Better know a Pac-12 QB: Sean Mannion

The Pac-12 is blessed with an abundance of returning starting quarterbacks in 2014. With 10 starters coming back, many are wondering if the league is on pace for its best quarterback year ever. This week, the Pac-12 blog will give you a snapshot of all 10.

Name: Sean Mannion

School: Oregon State

Grade: Senior

2013 passing stats: Completed 400 of 603 attempts (66.3 percent) for 4,662 yards with 37 touchdowns and 15 interceptions. Posted a raw QBR of 68.5 and an adjusted QBR of 74.1.

Career passing stats: Has completed 905 of 1,385 passes (65.3 percent) for 10,436 yards with 68 touchdowns and 46 interceptions. Has a raw QBR of 61.1 and an adjusted QBR of 67.3.

2013 rushing stats: Rushed 34 times for minus-223 yards and no touchdowns.

Career rushing stats: Has rushed 84 times for minus-498 yards and one touchdown.

Mannion on Twitter

What you need to know about Mannion: By the time he ends his career as a four-year starter, he’ll be one of the most accomplished quarterbacks in league history. That's impressive, considering the rocky start to his career. He split time with Ryan Katz in 2011 as the Beavers opened that season with a loss to Sacramento State and then got thumped a week later by Wisconsin. It was in the third game against UCLA that Mannion was named the sole starter. In 2013, he set the league’s single-season passing record with 4,662 yards and needs just 1,436 more yards to pass Matt Barkley as the Pac-12’s all-time leading passer. He already owns 11 Oregon State passing records.

Career high point: While not his most impressive game statistically (he’s had seven games with at least four passing touchdowns), the Pac-12 blog thought he showed great poise in 2012 in a 27-20 victory over a surging No. 19 UCLA team at the Rose Bowl on Sept. 22, 2012. He threw a pair of touchdowns and one interception, completing 24 of 35 passes for 379 yards. Afterward, coach Mike Riley called it an important game for Mannion’s development and maturity. That would prove to only be partially true as injuries and a quarterback debate took center stage in 2012.

Career low point: Losing to a rival stinks. Losing to a rival and playing poorly stinks even more. In the 2012 Civil War – a 48-24 loss to the Ducks -- Mannion had just one touchdown and four interceptions. The earlier victory over UCLA seemed like a distant memory as Mannion’s 2012 was accented by a midseason knee injury and some flip-flopping with Cody Vaz. Though the Beavers had one win left against Nicholls State (and then a bowl loss to Texas), the Civil War was a reminder that Mannion still had a lot of growing to do in terms of decision-making.

When he was a recruit: In the 2010 recruiting class, Pac-12 programs signed six of the top 30 quarterbacks in the country, including Mannion. Though he was pursued by several programs, Oregon State was the only one to step in with an early offer, which Mannion jumped on during the summer before his senior season. Standing 6-foot-4 and 190 pounds coming out of high school, size was never a concern and neither was arm strength, according to his ESPN Recruiting Nation profile. “The more you watch Mannion, the more you like him. He is green and has yet to grow into his impressive frame, but as far as pocket passers go in this class, he is extremely impressive in terms of arm strength and most importantly accuracy.”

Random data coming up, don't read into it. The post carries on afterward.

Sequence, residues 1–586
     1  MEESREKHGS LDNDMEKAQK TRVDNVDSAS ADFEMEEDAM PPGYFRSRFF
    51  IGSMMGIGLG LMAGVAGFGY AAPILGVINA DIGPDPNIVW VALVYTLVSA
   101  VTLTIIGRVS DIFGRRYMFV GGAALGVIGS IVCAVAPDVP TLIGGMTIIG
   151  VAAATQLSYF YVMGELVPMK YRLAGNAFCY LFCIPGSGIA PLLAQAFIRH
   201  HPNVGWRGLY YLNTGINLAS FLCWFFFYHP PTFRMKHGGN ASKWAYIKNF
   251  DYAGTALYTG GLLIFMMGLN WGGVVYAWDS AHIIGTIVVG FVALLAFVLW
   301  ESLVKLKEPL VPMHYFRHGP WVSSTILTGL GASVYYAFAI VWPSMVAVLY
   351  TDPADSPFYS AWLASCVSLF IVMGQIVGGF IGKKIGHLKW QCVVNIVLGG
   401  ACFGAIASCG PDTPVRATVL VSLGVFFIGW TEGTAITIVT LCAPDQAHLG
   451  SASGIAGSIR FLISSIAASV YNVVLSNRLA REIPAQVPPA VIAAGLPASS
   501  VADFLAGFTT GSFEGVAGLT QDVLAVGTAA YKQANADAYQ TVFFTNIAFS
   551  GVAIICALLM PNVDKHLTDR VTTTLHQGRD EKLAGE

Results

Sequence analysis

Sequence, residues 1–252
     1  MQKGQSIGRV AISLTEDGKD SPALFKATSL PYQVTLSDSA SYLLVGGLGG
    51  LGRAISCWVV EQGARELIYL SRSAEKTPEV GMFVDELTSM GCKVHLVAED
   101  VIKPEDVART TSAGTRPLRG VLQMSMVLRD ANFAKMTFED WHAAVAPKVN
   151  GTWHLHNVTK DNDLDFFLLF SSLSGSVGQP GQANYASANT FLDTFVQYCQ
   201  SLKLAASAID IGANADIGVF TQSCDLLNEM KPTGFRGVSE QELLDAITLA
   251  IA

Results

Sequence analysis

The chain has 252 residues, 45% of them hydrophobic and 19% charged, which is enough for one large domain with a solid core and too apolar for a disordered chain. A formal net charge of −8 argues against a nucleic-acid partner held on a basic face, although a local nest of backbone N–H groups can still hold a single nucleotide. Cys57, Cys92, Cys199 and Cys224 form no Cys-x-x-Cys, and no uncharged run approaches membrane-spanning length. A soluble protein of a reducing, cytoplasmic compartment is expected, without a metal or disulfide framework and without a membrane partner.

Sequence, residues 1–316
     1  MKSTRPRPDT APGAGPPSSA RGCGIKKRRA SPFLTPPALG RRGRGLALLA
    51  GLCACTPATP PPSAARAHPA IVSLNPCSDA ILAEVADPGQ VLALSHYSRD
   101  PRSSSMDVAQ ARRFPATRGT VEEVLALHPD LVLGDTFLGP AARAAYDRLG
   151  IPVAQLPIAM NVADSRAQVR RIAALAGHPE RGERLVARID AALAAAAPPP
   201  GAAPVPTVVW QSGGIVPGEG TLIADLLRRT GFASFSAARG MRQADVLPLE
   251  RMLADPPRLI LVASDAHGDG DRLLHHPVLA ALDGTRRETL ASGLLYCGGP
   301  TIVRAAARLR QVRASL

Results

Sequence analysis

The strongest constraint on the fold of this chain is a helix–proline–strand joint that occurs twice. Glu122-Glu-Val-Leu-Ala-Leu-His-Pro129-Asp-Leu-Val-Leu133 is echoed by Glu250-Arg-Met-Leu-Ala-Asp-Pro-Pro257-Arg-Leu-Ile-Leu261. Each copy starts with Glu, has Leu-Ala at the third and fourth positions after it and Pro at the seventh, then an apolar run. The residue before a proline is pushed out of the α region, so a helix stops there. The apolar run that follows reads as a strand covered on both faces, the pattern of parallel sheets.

Opposing head coach’s take: “He’s your prototypical NFL quarterback. Tall, quick release, accurate. Not as mobile as you’d love to have. But at the same time, he can stay in the pocket and really hurt you … he’s tough. A lot of people don’t appreciate how tough he is. He stands in there and takes some big hits, but always seems to get the ball out just in time.”

Scouts' take: An accountable, respectful and mature individual. Strong work ethic and willing to put in the time. Has taken on more of a leadership role this offseason. One of the guys, but not a follower. Can take hard coaching. Will be the only player in team history to be elected a three-time team captain. ... Shows a strong grasp of defensive fronts and pre-snap coverages. Knows where he is protected and where his hot reads/site adjustments are. Flashes ability to work the entire field and get through progressions. Ball security has been an issue throughout his career so far (46 career INTs). Inconsistent decision-maker and takes too many risks into traffic. Must learn when to pick and choose when it comes to taking his shots. ... Lacks ideal mobility and does not have the ability to escape and put stress on a defense with his legs. However, he’s not completely without mobility, as he possesses adequate foot quickness to maneuver within the pocket.

What to expect in 2014: By virtue of their personnel, i.e. Brandin Cooks, the Beavers were much more tilted toward the pass than head coach Mike Riley probably would have liked (63 percent pass ratio). They’d like a little more balance to one, keep opposing defenses on their toes; and two, to take a little more pressure off of Mannion. He’s had the benefit the last two seasons of working with remarkable receivers in Cooks and Markus Wheaton in 2012. Look for Mannion – and the Beavers – to be more well-rounded in 2014. The tight end will likely take on a larger role with the talented Connor Hamlett. And while the Beavers need other receivers to step up, it’s still on Mannion to get them the football. His completion percentage has climbed every year he’s been a starter – as have his touchdowns and yards. Each year you can see marked improvement in his game. And 2014 should be no different.

Erik McKinney and Kevin Weidl contributed reporting.